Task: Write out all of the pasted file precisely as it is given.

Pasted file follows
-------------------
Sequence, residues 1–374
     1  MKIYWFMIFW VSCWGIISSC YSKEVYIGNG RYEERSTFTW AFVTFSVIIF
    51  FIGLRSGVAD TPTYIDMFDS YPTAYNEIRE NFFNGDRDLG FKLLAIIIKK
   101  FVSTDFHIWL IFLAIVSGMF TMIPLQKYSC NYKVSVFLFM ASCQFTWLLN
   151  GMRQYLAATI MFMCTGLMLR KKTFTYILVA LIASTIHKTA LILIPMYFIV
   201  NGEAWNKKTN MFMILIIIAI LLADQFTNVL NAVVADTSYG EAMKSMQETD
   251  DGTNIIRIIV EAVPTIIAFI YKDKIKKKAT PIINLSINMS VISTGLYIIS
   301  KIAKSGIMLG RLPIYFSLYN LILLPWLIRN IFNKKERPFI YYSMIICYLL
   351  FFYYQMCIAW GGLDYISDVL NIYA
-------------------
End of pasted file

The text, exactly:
Sequence, residues 1–374
     1  MKIYWFMIFW VSCWGIISSC YSKEVYIGNG RYEERSTFTW AFVTFSVIIF
    51  FIGLRSGVAD TPTYIDMFDS YPTAYNEIRE NFFNGDRDLG FKLLAIIIKK
   101  FVSTDFHIWL IFLAIVSGMF TMIPLQKYSC NYKVSVFLFM ASCQFTWLLN
   151  GMRQYLAATI MFMCTGLMLR KKTFTYILVA LIASTIHKTA LILIPMYFIV
   201  NGEAWNKKTN MFMILIIIAI LLADQFTNVL NAVVADTSYG EAMKSMQETD
   251  DGTNIIRIIV EAVPTIIAFI YKDKIKKKAT PIINLSINMS VISTGLYIIS
   301  KIAKSGIMLG RLPIYFSLYN LILLPWLIRN IFNKKERPFI YYSMIICYLL
   351  FFYYQMCIAW GGLDYISDVL NIYA